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ABSTRACT. In 2016 the newly formed Association of Visual Pedagogies (AVP) embarked on various activities aimed at advancing practice and research in the field of video education. AVP was founded by the international consortium of 8 institutions: Wilf Malcolm Institute of Educational Research, University of Waikato (New Zealand), Philosophy of Education Society of Australasia, Institute of Education, Massey University (New Zealand), College of Educational Studies, Chapman University (USA), Department of Learning and Philosophy, Aalborg University (Denmark), Faculty of Education, University of Auckland (New Zealand), Department of Informatics and Computing, Zagreb University of Applied Sciences (Croatia), National Taiwan University (Taiwan). (AVP, 2016) Amongst its first activities, AVP initiated a series of annual conferences aimed at developing a new international video education community (Peters, Besley, Jandric and Bajic, 2016a). The inaugural conference, The Association for Visual Pedagogies Conference AVPC 2016: Visual Pedagogies and Digital Cultures, took place at Zagreb University of Applied Sciences in Croatia in June 18–19, 2016. The Conference explored the area of visual pedagogies around three broad dialectically intertwined themes. The first theme was concerned with practical issues. How to produce suitable video learning materials? When, and under which conditions, can we videotape children? The second theme was related to video pedagogies. What is the role of video in physical and virtual classrooms? How to seize the pedagogical potentials of video? Finally, the third theme was related to digital cultures, politics, and emancipation. What is the new role of video in production and dissemination of culture and knowledge? What are the unique features of video research methodologies? What is the role of visual cultures in new social movements and social transformations at large? (AVPC, 2017) AVP invited contributors from various fields to join the debate about multiple aspects of the new movement towards visual cultures in education and academic publishing. Working at the intersection of technology, psychology, sociology, history, politics, philosophy, and visual arts, it welcomed contributions from a wide range of disciplines and inter-, trans- and anti-disciplinary research methodologies. This enabled a fascinating exchange that explored key questions around vision and visuality, acknowledging that what a viewer will see cannot be pre-supposed. How do we see? How are we able, allowed or encouraged to see? What implications does this have in people’s contexts for learning, action and expression? AVPC 2016 had almost 100 participants and 55 presented papers. It attracted approximately fifty percent of educators, one quarter of film-makers, and one-quarter of people working in various fields from video arts to video anthropology and activism. In this way, AVPC 2016 started to build a new transdisciplinary community with a common interest in video pedagogies. The new community would not make much sense if it contained just educators, or just film-makers, or just artists – its main strength is its diversity. However, such diversity produces various challenges. We want to be inclusive, and yet to have quality; we want to foster trans-disciplinary dialogue, and still be relevant for everyone; we want to talk to people working in different media, and we also want these people to talk to each other. Reflecting these challenges, this Special Issue brings selected and expanded papers presented at the inaugural Association for Visual Pedagogies Conference AVPC 2016: Visual Pedagogies and Digital Cultures. pp. 11–13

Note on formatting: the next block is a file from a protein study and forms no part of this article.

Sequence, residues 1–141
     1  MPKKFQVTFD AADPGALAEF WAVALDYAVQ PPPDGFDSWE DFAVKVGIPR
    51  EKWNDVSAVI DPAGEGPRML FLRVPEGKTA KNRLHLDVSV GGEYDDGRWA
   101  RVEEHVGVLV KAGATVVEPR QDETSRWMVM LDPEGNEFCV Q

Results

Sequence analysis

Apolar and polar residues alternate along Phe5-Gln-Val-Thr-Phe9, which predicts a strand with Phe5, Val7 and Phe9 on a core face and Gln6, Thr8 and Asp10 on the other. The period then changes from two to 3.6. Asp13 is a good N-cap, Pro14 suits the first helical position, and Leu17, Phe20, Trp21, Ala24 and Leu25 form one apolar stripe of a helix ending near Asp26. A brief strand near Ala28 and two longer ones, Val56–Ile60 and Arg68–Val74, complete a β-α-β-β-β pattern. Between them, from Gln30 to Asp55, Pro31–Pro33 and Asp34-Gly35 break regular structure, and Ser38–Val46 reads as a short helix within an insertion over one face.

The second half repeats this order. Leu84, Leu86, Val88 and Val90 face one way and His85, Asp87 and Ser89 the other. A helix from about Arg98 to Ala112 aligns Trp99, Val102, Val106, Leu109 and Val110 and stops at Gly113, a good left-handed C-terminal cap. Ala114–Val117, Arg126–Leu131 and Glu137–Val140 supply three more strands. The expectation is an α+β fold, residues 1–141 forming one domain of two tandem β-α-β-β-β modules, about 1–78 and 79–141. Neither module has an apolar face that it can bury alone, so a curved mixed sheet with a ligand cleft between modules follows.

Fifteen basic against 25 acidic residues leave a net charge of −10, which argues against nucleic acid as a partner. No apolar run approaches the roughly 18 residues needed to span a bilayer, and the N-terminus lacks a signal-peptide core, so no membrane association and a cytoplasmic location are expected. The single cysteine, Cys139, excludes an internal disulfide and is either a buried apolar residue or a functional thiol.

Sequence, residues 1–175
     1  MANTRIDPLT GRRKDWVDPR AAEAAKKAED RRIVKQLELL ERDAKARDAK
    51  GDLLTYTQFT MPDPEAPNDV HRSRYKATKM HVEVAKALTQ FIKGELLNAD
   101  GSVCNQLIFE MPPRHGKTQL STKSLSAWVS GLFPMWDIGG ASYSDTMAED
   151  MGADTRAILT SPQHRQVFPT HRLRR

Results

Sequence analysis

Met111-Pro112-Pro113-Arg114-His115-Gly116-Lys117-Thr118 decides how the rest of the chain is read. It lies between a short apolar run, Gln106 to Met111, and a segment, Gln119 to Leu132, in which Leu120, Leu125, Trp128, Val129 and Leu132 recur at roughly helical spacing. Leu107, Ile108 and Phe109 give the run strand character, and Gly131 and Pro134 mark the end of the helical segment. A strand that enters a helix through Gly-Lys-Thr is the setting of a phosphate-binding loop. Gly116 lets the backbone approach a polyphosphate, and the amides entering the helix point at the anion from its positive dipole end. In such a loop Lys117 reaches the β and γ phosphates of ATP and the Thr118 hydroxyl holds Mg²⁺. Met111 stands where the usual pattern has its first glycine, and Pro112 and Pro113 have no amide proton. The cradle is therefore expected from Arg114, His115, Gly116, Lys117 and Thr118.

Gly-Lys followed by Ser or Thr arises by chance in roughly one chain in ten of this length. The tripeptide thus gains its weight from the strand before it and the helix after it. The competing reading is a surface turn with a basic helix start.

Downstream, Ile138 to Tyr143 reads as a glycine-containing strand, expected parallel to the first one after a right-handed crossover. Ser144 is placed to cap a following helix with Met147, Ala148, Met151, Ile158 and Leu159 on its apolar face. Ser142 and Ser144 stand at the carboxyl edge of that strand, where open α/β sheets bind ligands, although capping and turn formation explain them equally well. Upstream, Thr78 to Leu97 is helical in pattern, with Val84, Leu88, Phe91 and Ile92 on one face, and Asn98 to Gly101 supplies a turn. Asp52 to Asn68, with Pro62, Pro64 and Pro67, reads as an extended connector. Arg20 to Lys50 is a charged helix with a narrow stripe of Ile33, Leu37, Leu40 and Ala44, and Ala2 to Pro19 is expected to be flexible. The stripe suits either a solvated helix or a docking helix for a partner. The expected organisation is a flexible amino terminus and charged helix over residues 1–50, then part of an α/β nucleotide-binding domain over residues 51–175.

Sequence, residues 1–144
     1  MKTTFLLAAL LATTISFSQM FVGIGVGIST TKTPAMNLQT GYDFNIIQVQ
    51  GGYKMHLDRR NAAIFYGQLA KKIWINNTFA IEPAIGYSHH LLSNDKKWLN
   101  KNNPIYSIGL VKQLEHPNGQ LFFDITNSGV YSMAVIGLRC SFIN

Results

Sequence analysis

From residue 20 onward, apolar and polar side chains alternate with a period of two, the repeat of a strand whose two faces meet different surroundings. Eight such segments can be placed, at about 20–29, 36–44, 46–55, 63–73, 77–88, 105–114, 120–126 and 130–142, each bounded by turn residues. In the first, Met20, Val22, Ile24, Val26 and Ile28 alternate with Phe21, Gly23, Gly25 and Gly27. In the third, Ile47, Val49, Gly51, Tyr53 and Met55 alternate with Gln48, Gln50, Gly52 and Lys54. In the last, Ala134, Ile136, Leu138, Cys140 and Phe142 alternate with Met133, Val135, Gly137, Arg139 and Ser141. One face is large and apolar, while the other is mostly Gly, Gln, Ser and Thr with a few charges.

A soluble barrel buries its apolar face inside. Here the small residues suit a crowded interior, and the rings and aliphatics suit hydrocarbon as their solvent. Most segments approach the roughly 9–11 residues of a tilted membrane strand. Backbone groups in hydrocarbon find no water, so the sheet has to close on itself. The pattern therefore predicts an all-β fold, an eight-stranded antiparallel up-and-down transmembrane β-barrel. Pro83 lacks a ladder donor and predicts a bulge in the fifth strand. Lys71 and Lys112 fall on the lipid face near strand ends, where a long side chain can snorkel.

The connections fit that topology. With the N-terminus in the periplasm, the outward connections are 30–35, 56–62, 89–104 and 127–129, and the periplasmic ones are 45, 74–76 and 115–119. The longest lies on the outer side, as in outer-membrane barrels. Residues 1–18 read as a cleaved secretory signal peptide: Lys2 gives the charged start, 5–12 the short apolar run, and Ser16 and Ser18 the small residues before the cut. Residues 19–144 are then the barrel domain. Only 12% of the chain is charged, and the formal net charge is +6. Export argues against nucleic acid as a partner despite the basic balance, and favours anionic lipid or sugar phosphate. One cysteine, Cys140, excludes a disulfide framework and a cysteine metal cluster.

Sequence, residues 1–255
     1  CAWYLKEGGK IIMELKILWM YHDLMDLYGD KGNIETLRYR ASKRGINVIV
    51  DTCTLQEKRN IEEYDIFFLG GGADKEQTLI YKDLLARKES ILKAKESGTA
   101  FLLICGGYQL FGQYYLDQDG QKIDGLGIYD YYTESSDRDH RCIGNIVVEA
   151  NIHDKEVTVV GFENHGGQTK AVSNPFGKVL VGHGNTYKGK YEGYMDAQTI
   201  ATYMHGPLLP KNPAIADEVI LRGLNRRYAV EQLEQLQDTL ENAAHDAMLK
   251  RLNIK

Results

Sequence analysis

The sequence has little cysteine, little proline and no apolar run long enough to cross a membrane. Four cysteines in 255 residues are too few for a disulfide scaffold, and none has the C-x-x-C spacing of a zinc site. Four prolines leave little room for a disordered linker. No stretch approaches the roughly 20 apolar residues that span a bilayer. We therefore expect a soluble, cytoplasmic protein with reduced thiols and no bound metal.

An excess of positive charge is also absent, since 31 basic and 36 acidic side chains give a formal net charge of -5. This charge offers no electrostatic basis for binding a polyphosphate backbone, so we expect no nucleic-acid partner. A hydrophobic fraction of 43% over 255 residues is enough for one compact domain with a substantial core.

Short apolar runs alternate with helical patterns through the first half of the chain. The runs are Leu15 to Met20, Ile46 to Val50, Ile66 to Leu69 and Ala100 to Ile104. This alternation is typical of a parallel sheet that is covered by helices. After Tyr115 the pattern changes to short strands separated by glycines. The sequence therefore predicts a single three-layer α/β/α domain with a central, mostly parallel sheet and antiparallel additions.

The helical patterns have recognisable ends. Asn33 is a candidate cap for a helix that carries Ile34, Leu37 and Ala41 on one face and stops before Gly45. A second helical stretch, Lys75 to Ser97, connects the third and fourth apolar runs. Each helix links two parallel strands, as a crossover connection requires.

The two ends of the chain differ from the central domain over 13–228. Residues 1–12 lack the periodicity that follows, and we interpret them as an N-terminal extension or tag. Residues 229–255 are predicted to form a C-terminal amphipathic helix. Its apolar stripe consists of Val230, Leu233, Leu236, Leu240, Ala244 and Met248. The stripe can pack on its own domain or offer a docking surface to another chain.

doi:10.22381/KC5520171

PETAR JANDRIC
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Zagreb University of Applied Sciences, Croatia
SARAH HAYES
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Aston University, UK

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